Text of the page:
The six years of the current occupant of Aso Rock is more than enough and voters in a free and fair election must send Goodluck Jonathan to a well deserved retirement in Otuoke.  He has tried his best as his supporters would claim but his best is not good enough for Nigeria at this juncture in our checkered history. Change at this time is sine qua non to Nigeria's march forward in this century and beyond.  We have stayed with the same medicine for too long and this patient has not improved while the prognosis is truly frightening. National policy particularly in the Jonathan Presidency has been rather long on platitudes and very short on real commitment and constructive actions.  As a matter of great emergency, Mr Buhari must come galloping out of Daura like a victorious warrior prince to slay the corruption dragon which has rendered Nigeria comatose and made the country a laughing stock in the comity of nations. A Buhari Presidency must hit the ground running with some carefully crafted and courageously implemented executive actions and principles within the first few days after inauguration.  It must begin with the selection of a cabinet and staff of truly patriotic men and women of unimpeachable integrity, away from the usual appointments to positions just for the sake of sharing booties and spoils of electoral advantage.  A President Buhari will have to seek out such persons, constitute a cabinet and staff of non-hustlers and god-fathered individuals. Nigeria needs a crop of new even if yet untested individuals rather than the usual recycled government to government persons with the already apparent abysmal performance over the decades. Talents abound in this great and blessed land thatdonot just want the jobs but are itching to get the job done in true service to country.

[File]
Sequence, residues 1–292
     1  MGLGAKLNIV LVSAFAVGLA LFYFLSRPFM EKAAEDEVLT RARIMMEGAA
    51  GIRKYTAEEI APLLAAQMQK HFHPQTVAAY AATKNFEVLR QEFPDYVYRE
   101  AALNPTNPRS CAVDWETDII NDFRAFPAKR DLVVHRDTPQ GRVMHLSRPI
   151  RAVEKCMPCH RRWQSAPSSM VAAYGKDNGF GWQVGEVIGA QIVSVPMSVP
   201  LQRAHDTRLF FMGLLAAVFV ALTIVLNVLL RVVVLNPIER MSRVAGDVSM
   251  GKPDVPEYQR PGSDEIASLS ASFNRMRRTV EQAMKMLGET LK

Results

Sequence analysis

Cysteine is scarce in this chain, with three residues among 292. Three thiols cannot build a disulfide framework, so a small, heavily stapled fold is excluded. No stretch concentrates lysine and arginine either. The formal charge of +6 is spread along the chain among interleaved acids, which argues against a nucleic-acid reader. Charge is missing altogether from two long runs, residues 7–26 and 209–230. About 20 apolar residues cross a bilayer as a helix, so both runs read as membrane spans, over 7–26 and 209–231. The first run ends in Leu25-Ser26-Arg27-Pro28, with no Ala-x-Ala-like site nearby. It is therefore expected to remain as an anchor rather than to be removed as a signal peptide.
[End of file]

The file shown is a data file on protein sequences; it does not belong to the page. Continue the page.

In deference to the details in the APC Manifesto, there must be immediate and distinct policy and performance departure from what had been the norm in the last sixteen years. The politics must not necessarily be smart but must produce great and decisive policies that are smart and effective. The people must immediately feel and know the difference in their quality of life and living standards.  As a further antidote to the disinformation campaign to impugn Mr. Buhari’s integrity,  a President Buhari must live up to his billing as incorruptible, resolute, courageous, non-religiously nationalistic and patriotic. The expectations of Nigerians are very high for a positive restoration of broader initiatives that will strengthen democratic inclusion and institutions.  The following are a few recommendations that will surely signal that the country is going to savor a real change from the status quoaway from mere political sloganeering as opponents have postulated. Anything short of these will be business as usual but with different actors and there will be election consequences in just another four years:

  1. An immediate and unconditional reversal of all petroleum pump price increases and the institution of a price regime of N50per litre for petrol; N20 per litre for Kerosene (the fuel of the masses) and a proportionate price set for diesel and other petroleum products.  If Venezuela, a fellow OPEC country, can have N7 a litre for petrol, these prices cannot be unreasonable for a low income population like Nigeria. The mass of Nigerian population will be relieved while the beneficiaries of anomalies inherent in the system will kick and try to disparage the efficacy of such. But the first real test of a committed and a courageous administration would have been established.And we must get all our refineries working at installed or close to installed capacity in the long term.